Department of Labor Audit Checklist: Wage & Hour Audit

Employers in Texas are required to comply with federal wage and hour laws, among other laws and regulations, enforced by the U.S. Department of Labor (DOL). Audits conducted by the Department of Labor can focus on a variety of employment law issues such as wage and hour rules, workplace safety, and family and medical leave requirements. As an employer, you should know that the DOL can initiate an audit at any time. Accordingly, it is important to be prepared for a DOL wage and hour audit. The following are issues that you should consider as you put together a DOL wage and hour audit checklist.

Creating Your Checklist

Your DOL wage and hour audit checklist should include the following issues and considerations:

  • Job descriptions: Job descriptions are vitally important for so many reasons. For these purposes, job descriptions are important to have on file to ensure that workers are properly classified as employees or independent contractors, and for determining whether an employee is exempt from certain FLSA wage and hour requirements.  Job descriptions are one of the first things the DOL will ask to review.
  • Workplace posters: Besides job descriptions, one of the first things that the DOL will ask to see is the location in which all of your required workplace posters are posted. Make sure that you have up to date posters and all the required posters are posted.
  • Timesheet and payroll records: Employers in Texas must have clear timekeeping policies and procedures in place, along with clear payroll records. It is usually best practice to have employees sign off on hourly time sheets and to maintain records of employee pay to prevent a wage and hour claim.
  • Timekeeping system for non-exempt employees: You should have a timekeeping system in place for non-exempt employees. It is critical for employers to know that any hours beyond regular hours worked (for non-exempt employees) must be compensated at time and one-half the non-exempt employee’s pay. You cannot ask an employee to perform any task, no matter how minor, in that employee’s off-hours unless it is compensated.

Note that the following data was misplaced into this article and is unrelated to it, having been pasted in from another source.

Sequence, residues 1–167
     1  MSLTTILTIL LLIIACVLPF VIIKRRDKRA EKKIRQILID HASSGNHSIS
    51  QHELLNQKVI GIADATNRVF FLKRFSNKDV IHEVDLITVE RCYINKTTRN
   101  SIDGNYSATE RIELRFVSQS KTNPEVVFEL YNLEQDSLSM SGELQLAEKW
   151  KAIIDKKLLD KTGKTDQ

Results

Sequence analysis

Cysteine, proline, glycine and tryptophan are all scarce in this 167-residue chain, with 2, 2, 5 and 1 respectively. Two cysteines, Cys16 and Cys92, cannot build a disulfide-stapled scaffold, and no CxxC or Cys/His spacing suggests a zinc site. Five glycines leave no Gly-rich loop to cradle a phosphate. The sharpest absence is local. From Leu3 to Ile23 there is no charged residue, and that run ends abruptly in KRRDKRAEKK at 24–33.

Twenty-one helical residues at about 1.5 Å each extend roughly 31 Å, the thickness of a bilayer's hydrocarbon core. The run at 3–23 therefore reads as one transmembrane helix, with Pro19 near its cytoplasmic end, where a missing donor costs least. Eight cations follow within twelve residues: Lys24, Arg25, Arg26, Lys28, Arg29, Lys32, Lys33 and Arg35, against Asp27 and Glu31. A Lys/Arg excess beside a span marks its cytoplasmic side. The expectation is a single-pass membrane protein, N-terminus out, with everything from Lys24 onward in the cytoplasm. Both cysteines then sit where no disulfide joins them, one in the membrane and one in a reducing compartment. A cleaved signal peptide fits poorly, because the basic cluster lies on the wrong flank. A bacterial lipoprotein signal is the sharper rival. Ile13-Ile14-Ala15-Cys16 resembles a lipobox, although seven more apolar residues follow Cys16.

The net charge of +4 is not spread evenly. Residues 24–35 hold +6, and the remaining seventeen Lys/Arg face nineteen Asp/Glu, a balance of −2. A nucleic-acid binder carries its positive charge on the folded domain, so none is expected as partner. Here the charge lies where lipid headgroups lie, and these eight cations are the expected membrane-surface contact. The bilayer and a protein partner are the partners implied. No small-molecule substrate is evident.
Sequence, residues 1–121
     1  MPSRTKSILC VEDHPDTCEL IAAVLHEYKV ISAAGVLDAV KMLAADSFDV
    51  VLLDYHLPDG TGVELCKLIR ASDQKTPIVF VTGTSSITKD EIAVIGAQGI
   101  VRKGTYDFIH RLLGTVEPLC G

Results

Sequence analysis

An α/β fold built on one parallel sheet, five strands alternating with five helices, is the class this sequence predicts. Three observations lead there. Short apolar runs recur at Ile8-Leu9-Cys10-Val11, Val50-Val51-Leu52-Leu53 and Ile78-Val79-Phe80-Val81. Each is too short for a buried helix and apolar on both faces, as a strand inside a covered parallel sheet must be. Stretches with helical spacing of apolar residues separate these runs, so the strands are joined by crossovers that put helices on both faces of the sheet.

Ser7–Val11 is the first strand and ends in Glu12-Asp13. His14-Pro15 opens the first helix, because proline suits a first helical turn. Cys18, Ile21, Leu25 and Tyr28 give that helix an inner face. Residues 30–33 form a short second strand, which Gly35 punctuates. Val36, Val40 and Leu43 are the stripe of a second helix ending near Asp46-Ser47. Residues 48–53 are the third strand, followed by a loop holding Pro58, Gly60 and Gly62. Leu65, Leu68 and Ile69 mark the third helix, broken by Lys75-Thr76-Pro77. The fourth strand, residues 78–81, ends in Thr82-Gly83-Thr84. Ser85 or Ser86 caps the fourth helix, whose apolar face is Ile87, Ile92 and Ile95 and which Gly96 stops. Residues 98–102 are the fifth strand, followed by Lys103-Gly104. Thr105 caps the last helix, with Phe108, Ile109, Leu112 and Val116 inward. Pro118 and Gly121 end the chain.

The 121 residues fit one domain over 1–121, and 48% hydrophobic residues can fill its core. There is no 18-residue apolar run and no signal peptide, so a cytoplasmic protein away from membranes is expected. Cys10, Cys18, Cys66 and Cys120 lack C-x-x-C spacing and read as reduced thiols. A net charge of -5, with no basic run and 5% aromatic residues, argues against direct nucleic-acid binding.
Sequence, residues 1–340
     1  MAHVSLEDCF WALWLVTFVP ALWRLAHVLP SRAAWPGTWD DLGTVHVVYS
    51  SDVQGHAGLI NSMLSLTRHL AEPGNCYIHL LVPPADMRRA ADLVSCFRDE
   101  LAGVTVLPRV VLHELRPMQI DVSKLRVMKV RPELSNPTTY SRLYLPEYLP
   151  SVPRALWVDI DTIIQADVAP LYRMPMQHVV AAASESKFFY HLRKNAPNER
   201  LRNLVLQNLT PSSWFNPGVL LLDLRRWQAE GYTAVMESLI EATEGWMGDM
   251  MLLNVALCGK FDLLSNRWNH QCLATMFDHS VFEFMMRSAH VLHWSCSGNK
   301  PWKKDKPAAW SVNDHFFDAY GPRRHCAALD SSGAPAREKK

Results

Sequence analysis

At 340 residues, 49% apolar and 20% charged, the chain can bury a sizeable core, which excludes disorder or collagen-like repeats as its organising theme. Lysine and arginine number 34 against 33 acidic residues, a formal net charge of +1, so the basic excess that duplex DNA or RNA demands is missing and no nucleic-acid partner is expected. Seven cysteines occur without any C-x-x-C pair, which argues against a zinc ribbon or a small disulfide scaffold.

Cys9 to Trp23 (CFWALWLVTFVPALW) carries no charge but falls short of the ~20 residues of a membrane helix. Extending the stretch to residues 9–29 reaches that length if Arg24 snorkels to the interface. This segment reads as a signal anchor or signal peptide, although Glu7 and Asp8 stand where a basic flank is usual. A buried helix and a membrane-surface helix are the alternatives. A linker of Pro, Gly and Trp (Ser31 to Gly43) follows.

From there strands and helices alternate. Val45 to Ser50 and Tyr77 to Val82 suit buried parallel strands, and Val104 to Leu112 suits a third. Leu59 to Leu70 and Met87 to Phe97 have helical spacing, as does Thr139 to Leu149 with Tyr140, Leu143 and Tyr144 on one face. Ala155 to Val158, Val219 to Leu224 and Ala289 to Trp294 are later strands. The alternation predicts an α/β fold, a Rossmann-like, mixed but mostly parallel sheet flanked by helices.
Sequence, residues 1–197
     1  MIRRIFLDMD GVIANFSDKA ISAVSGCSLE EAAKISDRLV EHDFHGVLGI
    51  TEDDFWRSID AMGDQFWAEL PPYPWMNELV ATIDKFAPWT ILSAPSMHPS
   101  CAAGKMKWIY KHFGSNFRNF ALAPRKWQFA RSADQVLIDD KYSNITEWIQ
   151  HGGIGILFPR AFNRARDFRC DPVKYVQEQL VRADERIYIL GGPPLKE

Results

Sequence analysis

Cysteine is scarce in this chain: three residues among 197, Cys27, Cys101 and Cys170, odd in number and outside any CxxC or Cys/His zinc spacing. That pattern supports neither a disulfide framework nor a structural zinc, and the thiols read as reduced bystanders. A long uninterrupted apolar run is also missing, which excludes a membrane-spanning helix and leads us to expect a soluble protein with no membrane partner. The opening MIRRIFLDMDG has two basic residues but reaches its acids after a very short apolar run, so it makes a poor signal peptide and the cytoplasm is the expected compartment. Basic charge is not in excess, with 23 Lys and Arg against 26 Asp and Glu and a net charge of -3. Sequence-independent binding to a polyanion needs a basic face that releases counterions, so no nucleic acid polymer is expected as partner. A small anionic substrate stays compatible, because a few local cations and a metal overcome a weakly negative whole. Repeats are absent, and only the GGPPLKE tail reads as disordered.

• Calculating work hours and unpaid meal periods: You will want to be sure that you have a system in place to properly calculate an employee’s work hours, including paid rest periods and unpaid meal breaks. Rest breaks between five and 20 minutes are compensable under the Fair Labor Standards Act (FLSA), as is time spent on training, changing into work gear, and other work activities. Meal breaks of 30 minutes or more do not have to be compensated. You must properly calculate an employee’s hours to ensure that the rate of pay, and overtime pay, are appropriate.
  • Calculating regular rate of pay: You must properly calculate employees’ regular rate of pay and provide at least the minimum wage. Both the federal and Texas minimum wage remain at $7.25 per hour.
  • Overtime pay requirements: Non-exempt employees must receive one and a half times the regular rate of pay for every hour worked beyond the 40-hour workweek.
  • Tracking off-the-clock work: In the COVID-19 pandemic, the DOL issued new guidance concerning employers’ obligations to keep track of remote employee hours. Employers are required to pay employees for any work that the employer “knows or has reason to believe is being performed.” If an employer could have known about additional hours worked through reasonable diligence, the employer is required to compensate the employee for those remote work hours.
  • Identifying exempt employees: Ensure that you have properly classified any workers that you identify as exempt. These employees generally must meet a salary basis test and a job duties test.
  • Exceptions to exempt employee pay: Exempt employees can only receive less than a full salary if there is an exception, which may include a full day or more absence, deductions for military or jury duty, safety rule infractions, disciplinary suspensions, workplace misconduct, or unpaid leave under the Family and Medical Leave Act (FMLA).
  • Classification as employee or independent contractor: Although there has been significant activity surrounding the independent contractor test, the DOL recently withdrew new regulations related to the test and the existing test still remains (i.e., the multi-factor DOL test). You should make these determinations carefully after a full examination of all the surrounding circumstances.

Contact a Dallas Employment Law Attorney

Whether your company is adjusting to new remote workplace norms or work-from-home policies, or you simply want to be prepared for a DOL audit, our Dallas employment law attorneys can help. Contact Simon Paschal PLLC today.

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